INTERVIEW

Christian Horner looks back on Monza


Christian Horner, Spanish GP 2010

Christian Horner, Spanish GP 2010 

 © The Cahier Archive

Red Bull Racing team principal Christian Horner admitted before the weekend that the team viewed Monza as its weakest remaining circuit on the 2010 F1 calendar. And so, with Sebastian Vettel fourth in the Italian GP and Mark Webber sixth, he was able to look back on a final race of the European season in which Red Bull unexpectedly outscored major championship rivals McLaren.

Q: What happened to Mark at the start?

He didn't have a great start and if you look at the replay both our drivers got very deep into Turn 1 and both lost a lot of momentum on the exit of the first chicane. Both lost positions to Kubica, Hulkenberg and Rosberg, and Schumacher also passed Mark at that point.

Q: The starts were not good again. Is that a car thing or a driver thing, and how do you go about correcting it?

We need to look at it quite carefully because our starts at the beginning of the year were excellent but over the last couple of races we've lost a bit of performance on the startline. Whether it's an effect of low downforce is something that we need to try and understand.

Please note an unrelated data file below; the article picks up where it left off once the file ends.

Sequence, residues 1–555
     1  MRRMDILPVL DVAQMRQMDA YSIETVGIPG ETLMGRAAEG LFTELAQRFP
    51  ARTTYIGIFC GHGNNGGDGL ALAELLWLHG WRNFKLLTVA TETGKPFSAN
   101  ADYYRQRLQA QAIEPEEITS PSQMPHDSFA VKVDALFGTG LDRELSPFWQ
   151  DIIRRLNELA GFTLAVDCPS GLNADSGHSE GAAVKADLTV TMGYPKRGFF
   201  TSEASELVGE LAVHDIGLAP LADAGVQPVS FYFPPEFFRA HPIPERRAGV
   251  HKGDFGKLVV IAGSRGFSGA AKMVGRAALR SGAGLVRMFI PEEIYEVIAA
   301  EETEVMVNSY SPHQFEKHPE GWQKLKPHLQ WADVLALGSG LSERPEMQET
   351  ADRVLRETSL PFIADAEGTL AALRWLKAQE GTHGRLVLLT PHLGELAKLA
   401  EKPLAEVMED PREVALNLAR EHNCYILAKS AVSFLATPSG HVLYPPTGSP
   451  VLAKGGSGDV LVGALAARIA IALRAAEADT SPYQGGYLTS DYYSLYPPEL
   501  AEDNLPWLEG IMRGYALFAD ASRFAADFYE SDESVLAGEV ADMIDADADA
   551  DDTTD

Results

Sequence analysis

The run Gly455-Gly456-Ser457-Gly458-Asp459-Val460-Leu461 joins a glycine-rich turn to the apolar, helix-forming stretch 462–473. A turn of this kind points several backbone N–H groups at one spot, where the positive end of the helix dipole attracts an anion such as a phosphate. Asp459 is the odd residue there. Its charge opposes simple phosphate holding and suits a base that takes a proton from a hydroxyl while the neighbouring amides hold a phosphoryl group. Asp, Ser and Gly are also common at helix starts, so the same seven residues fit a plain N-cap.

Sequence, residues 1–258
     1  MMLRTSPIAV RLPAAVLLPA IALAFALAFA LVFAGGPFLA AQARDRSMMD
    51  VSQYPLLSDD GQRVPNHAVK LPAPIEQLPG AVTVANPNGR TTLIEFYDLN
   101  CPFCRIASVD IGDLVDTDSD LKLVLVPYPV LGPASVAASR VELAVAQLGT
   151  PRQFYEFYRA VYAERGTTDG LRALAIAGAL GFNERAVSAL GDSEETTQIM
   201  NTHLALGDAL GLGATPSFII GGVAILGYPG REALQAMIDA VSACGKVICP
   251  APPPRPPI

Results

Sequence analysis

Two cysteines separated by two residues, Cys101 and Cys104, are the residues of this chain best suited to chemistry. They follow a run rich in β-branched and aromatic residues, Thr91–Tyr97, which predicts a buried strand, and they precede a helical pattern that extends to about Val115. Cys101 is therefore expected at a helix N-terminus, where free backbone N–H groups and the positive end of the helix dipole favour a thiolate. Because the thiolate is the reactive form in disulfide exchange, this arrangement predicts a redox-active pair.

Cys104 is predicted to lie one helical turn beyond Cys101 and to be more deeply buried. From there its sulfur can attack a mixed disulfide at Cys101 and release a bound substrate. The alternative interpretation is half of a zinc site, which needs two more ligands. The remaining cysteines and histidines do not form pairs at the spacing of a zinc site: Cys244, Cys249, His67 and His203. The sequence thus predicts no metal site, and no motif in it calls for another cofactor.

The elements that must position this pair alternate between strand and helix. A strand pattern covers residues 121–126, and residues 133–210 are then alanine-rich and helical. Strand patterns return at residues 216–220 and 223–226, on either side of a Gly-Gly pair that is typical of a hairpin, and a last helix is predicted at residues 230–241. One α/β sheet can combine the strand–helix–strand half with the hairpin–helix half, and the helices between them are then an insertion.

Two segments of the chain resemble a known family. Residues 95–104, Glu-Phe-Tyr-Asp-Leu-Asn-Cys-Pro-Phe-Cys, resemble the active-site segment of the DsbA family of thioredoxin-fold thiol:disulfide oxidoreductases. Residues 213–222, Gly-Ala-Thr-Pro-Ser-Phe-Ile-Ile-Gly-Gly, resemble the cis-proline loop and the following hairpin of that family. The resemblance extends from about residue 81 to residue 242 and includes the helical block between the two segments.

Q: When Vettel had his problem on lap 20, how long before you knew it wasn't a race-ending one?

As soon as he came on the radio and said 'loss of power,' you're thinking engine failure but we couldn't see anything in the data and then it cleared itself. The assumption at that stage was either perhaps a visor strip in the airbox or, after a quick post mortem, it looks like maybe the brakes could have bound momentarily after Sebastian ran a kerb. We won't know until we conduct a proper post mortem.

Q: Was there any evidence of further problems on the telemetry?

No, it just cleared up. We could see a brake pressure spike, which is why there is an investigation going on into the braking system.

Q: How difficult was it to decide when to stop because each group didn't have enough margin to the group behind to make a pit stop?

It was very difficult. Obviously with Mark we tried to achieve the undercut and got him ahead of Kubica but we just missed out on Hulkenberg and that was a vital moment in his race because it cost him a large amount of time. And with Sebastian we could see that he was comfortable on the soft tyre and, having navigated the traffic, we knew that Rosberg and the cars behind had to go through that traffic so we had nothing to lose at that stage by leaving him out until the very last moment.

Q: Early on you told Mark to look after the tyres for a long stint, but did you then react to Kubica setting a sector three best on his out lap on primes?

Everybody left their stop very late because the gaps weren't opening up and the option tyre was hanging on. As soon as Kubica set that purple sector on the prime tyre it was a fairly good indication that the prime didn't look a bad tyre and then you risked being passed by cars behind. At that stage, with the undercut, we managed to get him past Kubica and just, just missed Hulkenberg. That cost him quite a bit of time despite Nico going off the track three or four times. The stewards, I believe, had a look at it but didn't feel he'd taken a huge advantage although it did seem a bit frustrating from where we were sitting, for sure.